Water Wheels: Syria's Symbols of Protest
Over the past week, as violence has escalated within Syria and at its embassies around the world, protesters have created several symbols of the country’s turmoil. In person, they paint their faces with red tears. Online, a Facebook group called We Are All Hamza Alkhateeb, created in memory of a 13-year-old boy who was arrested and brutally tortured by government forces on April 29, 2011, changed its profile picture to a symbol of what looks like a pyramid encircled by a beaming red sun.
It's a depiction of a noria, a vertical water wheel powered by the rushing water that strikes its blades. Mounted around the rim of the water wheel, wooden boxes or pots scoop water out of the river below, carrying it up to the top where it is either used for irrigation or nourishment. Though water wheels were simultaneously developed all over the ancient world, the earliest evidence of the structure was discovered in a Syrian mosaic dating from the second century A.D.
Only 17 norias still stand in the Syrian city of Hama, mostly along the Orontes river, which cuts through the city. Last Friday, parts of the norias were covered in red paint to commemorate the 30th anniversary of Syria's attack on the city, when then-President Hafez al-Assad, the father of current leader Bashar al-Assad, deployed tanks and aerial bombs to quash government opposition in the Sunni Islamist community. The attack killed an estimated 30,000 citizens and flattened entire neighborhoods, and the Hama massacre still ranks as one of the most brutal events in modern Arab history. The sound of the norias (listen here), heard throughout the city, is haunting. When the wheel turns, it makes a sound that residents liken to a human cry. Most are no longer operational, standing as tourist landmarks that commemorate the city’s tragic history.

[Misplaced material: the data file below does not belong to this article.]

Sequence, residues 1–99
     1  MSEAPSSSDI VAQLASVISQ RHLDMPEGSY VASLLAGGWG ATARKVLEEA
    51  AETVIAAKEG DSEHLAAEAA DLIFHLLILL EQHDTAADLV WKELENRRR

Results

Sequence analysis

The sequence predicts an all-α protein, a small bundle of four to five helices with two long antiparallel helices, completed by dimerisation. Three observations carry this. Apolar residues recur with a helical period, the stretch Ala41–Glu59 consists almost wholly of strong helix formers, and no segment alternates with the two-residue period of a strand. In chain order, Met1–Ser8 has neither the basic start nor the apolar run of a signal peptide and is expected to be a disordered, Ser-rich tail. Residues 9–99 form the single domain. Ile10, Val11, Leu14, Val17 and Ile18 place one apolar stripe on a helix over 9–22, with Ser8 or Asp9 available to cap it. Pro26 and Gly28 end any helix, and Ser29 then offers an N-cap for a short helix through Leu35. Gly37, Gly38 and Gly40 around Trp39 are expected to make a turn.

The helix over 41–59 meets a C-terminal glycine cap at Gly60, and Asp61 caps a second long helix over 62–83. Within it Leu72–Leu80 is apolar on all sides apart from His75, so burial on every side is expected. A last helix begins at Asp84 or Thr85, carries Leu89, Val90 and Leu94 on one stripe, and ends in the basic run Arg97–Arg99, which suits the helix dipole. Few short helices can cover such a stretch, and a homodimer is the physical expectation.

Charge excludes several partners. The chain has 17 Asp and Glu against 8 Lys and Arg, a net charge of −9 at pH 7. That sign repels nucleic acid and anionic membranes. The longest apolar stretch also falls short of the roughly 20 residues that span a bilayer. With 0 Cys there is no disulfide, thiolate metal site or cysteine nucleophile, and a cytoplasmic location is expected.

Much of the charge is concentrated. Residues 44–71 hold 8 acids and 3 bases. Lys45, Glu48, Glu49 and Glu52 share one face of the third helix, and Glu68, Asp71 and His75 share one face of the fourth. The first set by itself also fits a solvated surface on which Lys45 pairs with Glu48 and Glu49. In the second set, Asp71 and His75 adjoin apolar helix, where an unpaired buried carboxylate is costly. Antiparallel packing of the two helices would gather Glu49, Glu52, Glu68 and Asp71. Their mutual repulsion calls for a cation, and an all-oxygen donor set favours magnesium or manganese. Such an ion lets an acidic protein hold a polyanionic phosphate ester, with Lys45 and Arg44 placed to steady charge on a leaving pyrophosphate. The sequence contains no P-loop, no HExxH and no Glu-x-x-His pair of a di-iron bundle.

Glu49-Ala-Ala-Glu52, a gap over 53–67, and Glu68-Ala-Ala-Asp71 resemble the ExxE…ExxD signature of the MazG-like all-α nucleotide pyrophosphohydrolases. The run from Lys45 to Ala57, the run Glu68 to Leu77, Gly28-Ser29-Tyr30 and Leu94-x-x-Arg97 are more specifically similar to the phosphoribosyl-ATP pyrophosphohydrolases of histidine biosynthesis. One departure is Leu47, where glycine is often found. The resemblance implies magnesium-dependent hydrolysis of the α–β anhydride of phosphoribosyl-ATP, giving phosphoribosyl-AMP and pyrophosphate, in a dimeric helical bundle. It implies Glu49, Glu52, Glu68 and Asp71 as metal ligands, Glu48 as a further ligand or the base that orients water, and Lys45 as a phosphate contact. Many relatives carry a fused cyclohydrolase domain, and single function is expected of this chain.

In a new era of violence and protest, they've taken on renewed significance. In the past, the anniversary of the Hama massacre was observed quietly by Syrians, for fear of attracting attention from the government. Yet the current brutality of the area has opened old wounds, inciting much of the country to openly commemorate the tragedy as a sign of resolve against President Bashar al-Assad’s forces.
Until now, the noria has been the symbol of Hama, a tourist attraction that conceals the pain of the past, remembered by many. Images from the Local Coordination Committees of Syria show support pillars of the norias, painted with the Syrian Independence flag, as well as the phrase, “Hafez Assad Died but Hama Did Not.” In other Syrian cities, thousands gathered in a demonstration called, “We are Sorry Hama—Forgive Us,” where some protestors exhibited scaled-down replicas of the famous water wheels.
As the violence continues in Syria, where protesters continue to sympathize with the rebels of the past, perhaps the noria will serve as a symbol for all Syrians speaking out against al-Assad. But Associated Press reporters Zeina Karam and Bassem Mroue are careful to point out the vast difference between the past uprising in Hama versus today. “[T]he devastation of Hama came after a campaign of terror led by the Sunni fundamentalist Muslim Brotherhood… In contrast, the current uprising began in March with peaceful protests that have since spread around the nation, demanding Assad’s ouster.”
While Bashar al-Assad has not yet followed in his father's footsteps, his recent campaign against outspoken Syrians is becoming more fatal by the day. The world is watching while the wheels keep turning.